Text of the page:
IE 11 is not supported. For an optimal experience visit our site on another browser.

How do we solve poverty? Honor thy mother

This Mother’s Day, many of us are having kind thoughts about our moms.
Credit: Center for Hunger-Free Communities
Credit: Center for Hunger-Free Communities

This Mother’s Day, many of us are having kind thoughts about our moms. We are grateful for all they did and continue to do; for protecting us, showing us the way, standing behind us in times of hardship and success. We know our moms wanted the best for us.

Our moms are just like Tianna Gaines-Turner. She too wants the best for her children. She sees them being the president, a lawyer, a doctor, a professor or a great community organizer, like Tianna herself. Mothers sacrifice themselves for their children to ensure they have the best chance.

Despite their sacrifices, mothers who are raising 20% of the U.S. children living in poverty are ignored. Their needs are judged, and their voices, silenced.

This is why people are shocked to find out that one in 4 young children under the age of six, and 37% of female-headed households are food insecure, meaning they don’t have enough money for food for an active and healthy life. Those who have not suffered the indignity of poverty make many assumptions about low-income families—about who such moms are and what they need.

Food insecurity and hunger is not a family’s fault: According to the USDA, 85% of families that are food insecure have at least one working adult in the household. For many years, moms have been telling us that their wages are too low, so they need to rely on public assistance. Said differently, minimum wage equals the wage of the hungry.

Moms want the best for their kids so they turn to SNAP (the Supplemental Nutrition Assistance Program, formerly "food stamps") because they know that when children are hungry it has disastrous effects on their health and their cognitive, social and emotional development.

Here’s the rub.

There is no mom I talk to (and I talk to hundreds through our research as part of Children’s HealthWatch and Witnesses to Hunger) that actually wants to be on food stamps. They participate in SNAP and other public assistance programs because they have to in order to protect their families.

Hunger is solvable. Better wages and income supports, like SNAP, work to protect family health. Our research has shown that SNAP promotes child health, and prevents hospitalizations. Yet our leaders in the House of Representatives are dishonoring America’s mothers by trying to cut $20 billion from the SNAP program.  Did they forget that half of SNAP recipients are children? Do they know that 60% of people on SNAP work while receiving SNAP, and that the rest are either children, disabled or elderly?  Do they know that for $1 spent on SNAP, $1.72 is generated in the local economy?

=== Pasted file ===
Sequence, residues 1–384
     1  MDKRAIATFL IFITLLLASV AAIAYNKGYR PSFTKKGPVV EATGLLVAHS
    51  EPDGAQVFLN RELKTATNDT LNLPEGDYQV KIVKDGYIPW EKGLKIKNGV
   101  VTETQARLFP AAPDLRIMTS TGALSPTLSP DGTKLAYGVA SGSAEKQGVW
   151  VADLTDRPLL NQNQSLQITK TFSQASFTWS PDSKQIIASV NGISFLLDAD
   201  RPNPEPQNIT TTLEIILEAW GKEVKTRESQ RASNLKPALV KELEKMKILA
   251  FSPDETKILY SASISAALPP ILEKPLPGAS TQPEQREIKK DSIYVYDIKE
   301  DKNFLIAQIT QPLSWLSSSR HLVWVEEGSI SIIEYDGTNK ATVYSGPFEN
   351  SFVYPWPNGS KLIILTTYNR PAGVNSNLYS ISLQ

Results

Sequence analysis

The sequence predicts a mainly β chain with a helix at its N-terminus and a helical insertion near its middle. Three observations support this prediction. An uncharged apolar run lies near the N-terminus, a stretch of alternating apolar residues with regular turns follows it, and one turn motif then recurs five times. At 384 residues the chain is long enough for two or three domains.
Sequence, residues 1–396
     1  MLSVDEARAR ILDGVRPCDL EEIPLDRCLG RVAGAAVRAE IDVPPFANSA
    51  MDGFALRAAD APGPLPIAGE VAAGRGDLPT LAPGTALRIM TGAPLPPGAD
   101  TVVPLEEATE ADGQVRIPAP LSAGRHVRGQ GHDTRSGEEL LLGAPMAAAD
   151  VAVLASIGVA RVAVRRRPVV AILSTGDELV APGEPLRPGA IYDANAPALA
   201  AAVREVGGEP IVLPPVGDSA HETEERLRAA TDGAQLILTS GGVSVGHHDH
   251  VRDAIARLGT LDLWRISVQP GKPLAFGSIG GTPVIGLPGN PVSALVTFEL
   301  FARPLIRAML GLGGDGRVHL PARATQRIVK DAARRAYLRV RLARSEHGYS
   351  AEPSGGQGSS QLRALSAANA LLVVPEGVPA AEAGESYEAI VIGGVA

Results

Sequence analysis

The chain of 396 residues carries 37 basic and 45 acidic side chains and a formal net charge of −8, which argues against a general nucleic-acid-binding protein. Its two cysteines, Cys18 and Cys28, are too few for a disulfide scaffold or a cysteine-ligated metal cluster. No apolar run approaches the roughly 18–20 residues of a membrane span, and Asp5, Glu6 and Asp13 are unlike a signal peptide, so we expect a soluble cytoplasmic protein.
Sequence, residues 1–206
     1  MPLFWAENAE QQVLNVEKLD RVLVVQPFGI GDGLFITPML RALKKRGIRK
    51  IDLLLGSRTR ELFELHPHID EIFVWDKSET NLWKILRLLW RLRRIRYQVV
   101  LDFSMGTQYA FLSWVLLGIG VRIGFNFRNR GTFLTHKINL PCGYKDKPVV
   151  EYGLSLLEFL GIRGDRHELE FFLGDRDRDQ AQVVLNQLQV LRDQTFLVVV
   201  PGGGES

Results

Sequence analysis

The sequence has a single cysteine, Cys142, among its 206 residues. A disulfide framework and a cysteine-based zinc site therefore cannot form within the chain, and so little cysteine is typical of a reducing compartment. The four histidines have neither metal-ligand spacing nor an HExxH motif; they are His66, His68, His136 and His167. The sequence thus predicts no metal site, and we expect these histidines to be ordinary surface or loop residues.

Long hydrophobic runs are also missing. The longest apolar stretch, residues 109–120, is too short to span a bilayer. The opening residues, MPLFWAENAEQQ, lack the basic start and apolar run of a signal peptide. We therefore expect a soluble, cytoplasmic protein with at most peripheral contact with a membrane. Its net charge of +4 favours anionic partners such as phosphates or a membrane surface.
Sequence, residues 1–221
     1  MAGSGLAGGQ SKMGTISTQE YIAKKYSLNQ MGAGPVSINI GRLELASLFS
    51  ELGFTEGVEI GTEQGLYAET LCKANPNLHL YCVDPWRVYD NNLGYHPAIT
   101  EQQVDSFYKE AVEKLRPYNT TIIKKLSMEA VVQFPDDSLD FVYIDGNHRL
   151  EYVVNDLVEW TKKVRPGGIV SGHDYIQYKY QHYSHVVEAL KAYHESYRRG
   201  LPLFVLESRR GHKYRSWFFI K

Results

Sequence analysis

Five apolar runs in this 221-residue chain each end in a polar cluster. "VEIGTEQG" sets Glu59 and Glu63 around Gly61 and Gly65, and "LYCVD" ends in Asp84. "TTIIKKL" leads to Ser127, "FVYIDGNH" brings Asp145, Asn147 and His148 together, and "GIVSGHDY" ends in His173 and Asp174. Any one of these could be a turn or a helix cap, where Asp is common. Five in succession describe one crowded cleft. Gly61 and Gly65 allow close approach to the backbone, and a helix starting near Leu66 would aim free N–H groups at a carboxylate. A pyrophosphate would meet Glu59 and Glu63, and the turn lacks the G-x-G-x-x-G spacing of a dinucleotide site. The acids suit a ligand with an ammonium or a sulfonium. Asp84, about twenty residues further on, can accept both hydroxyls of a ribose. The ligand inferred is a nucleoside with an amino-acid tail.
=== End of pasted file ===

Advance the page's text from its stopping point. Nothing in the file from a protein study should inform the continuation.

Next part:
But Congress doesn’t pay attention to the research, much less do they hear the voices of the mothers. Most of our congressional leaders have never set foot into a poor person’s home, let alone talk with and share ideas with people who are living in poverty.

If we listened to the moms who know hunger and poverty first hand, we’d hear:

  • I want a good job with a living wage where I can get off of public assistance and still feel safe and healthy.
  • I want the best for my children. I want them to be healthy and have opportunities.
  • I don’t want to be judged, I want to be heard.

So why can’t we fix wages in this country? Why do we vilify moms who utilize public assistance to supplement their wages to protect their kids? Why do the media feed into the dangerously wrong stereotypes about people who are poor? It comes down to our notions of who our country and culture determine to be deserving, and who has worth.

At the same time, we turn our heads away from the real welfare queens: the corporations who depend on government welfare to supplement the meager wages they’re willing to pay. And then we look at the moms who are working double shifts to just try to feed their families. Because it’s not enough, they apply for assistance, and often because that’s not enough, they’ll collect cans, sell their plasma, or work under the table to clean people’s houses. And we have the audacity to blame them for being poor.

We refuse to see women who are low-income as they really are: kind, hard working, smart, tenacious, and downright entrepreneurial. They may have the only creative ideas left for how to fix our childish mess. How do we end poverty in America? Start by honoring America’s mothers.

Mariana Chilton is an associate professor at Drexel University and Director of the Center for Hunger-Free Communities. Find her organization on Facebook and Twitter. Dr. Chilton will be a guest on Sunday's special-edition "MHP" on the topic of poverty.